As we prepare to leave the European Union, alongside new Free-Trade-Agreements around the world, we need to help our businesses with the non-tariff barriers they face when entering new markets, such as regulatory, cultural, commercial and operational issues. 

As well as a new tax credit to reduce the costs of entering a new market (see my blog yesterday), we should also do more to help businesses help each other to export. A collaboration network to match smaller firms with larger exporters could help fledgling exporters access the knowledge, contacts and expertise of their more established counterparts in order to enter new markets. 

This collaborative model of exporting would match a smaller business (SME) with a mid-sized business (MSB) with complementary services or products, to enable the SME to leverage the MSB’s existing distribution channels. The SME would be able to sell to the same overseas distributor, using the same transport route, via the MSB. 

There is strong evidence to support this approach, including:

•A White Paper from the Enterprise Research Centre stating that deliberate relationships (casual or contractual) with other exporting organisations is a key enabler for businesses to export (ERC, 2013).

•The British Chambers of Commerce survey of 8,000 UK businesses suggesting that collaboration with overseas partners was the largest motivator to export (BCC, 2013).

•The German Company Pool Programme, where SMEs provide mutual support for exporting into target markets. Support includes deal brokering and joint market entry strategies, and is 75% privately funded by the SMEs themselves. This model demonstrates the effectives of businesses collaborating to make export more accessible and less risky for all (OECD, 2014).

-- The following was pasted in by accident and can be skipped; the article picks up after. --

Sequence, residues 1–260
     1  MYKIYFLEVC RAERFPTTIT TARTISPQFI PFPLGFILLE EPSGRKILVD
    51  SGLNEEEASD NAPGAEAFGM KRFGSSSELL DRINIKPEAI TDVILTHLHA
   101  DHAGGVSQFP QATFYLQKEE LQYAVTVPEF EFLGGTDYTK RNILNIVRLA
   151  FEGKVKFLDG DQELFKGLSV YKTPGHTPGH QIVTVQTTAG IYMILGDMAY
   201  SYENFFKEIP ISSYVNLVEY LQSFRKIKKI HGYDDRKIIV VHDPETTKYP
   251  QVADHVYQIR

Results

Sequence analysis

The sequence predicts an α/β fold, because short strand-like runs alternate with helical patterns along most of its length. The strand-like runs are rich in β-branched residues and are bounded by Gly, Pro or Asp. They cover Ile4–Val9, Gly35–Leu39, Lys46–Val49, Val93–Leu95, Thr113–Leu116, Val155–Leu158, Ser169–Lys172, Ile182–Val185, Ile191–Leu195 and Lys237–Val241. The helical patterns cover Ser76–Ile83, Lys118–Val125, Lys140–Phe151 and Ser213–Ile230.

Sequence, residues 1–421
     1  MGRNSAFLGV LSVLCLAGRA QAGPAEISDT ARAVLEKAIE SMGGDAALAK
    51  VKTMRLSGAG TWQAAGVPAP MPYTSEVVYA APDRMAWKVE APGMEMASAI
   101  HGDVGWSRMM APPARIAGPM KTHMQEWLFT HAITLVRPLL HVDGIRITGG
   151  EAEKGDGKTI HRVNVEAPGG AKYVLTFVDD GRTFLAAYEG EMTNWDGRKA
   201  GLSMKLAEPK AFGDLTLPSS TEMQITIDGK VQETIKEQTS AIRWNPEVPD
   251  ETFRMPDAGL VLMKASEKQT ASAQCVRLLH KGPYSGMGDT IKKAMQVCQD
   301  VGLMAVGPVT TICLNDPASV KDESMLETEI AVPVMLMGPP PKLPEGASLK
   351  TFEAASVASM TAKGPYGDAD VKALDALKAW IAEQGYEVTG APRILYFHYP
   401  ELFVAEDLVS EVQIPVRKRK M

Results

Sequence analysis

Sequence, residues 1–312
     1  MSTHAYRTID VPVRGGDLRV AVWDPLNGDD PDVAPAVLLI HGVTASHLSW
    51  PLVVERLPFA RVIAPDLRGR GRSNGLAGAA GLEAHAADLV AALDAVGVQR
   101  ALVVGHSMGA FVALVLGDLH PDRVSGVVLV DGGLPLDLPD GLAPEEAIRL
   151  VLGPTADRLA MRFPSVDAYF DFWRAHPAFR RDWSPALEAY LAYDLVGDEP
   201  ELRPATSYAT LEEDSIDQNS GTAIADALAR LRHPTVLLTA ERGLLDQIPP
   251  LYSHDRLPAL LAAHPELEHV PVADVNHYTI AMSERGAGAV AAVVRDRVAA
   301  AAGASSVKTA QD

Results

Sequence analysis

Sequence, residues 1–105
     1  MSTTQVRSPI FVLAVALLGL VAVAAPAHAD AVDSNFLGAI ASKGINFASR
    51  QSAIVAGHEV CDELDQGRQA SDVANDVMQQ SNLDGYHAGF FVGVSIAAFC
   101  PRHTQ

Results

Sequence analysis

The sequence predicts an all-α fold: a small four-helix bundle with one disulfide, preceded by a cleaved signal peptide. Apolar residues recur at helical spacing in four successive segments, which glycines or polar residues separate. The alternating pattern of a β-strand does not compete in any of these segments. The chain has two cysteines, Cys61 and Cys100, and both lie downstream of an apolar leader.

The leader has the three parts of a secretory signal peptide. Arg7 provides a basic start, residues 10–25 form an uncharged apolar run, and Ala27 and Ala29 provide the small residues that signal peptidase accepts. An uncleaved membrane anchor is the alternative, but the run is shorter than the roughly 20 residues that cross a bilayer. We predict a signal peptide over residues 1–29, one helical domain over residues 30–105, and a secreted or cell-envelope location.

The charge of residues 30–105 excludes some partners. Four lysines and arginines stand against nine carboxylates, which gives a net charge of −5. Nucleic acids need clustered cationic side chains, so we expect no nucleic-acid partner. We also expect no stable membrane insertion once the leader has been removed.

The key to this would be to facilitate targeted partnerships between already-exporting MSBs and new to market SMEs.  Government could enable this business-to-business collaboration by supporting the establishment of commercial brokers who promote private sector collaboration. 

This builds on existing successful models in some UK sectors. Scotch whisky is a good example, a leading UK export enjoyed globally worth £4bn a year. The Scotch whisky industry has built an enviable distribution network throughout the globe and encourages collaborative efforts amongst producers and with related Scottish products.

This collaborative model provides a range of benefits to both parties The established exporter could benefit from new revenue stream(s) from commercial agreements, the opportunity to market test new products and diversify product range, and an enhanced relationship with distributors in overseas territory, by connecting them to high-potential and commercially relevant SMEs.

The 'new to market' SME exporter would benefit from de-risked, easier and speedier route to overseas markets, the possibility of using existing financial and contractual arrangements to go to market, and building trusted relationships with other larger businesses.   

Both parties could benefit from a possible reduction in administrative and logistical costs of exporting (e.g. by sharing shipping containers, researching new legislation, etc.).  By creating a group of British brands that access a market through the same channels and in a collaborative way, this could also provide a good fit with UK Government’s activities such as the GREAT campaign and trade missions in specific markets.

Grant Thornton is currently exploring this collaborative approach with a number of other businesses, to test further how this could work in practice.  

Let me know what you think - and if you would be interested in collaborating with other businesses in export markets.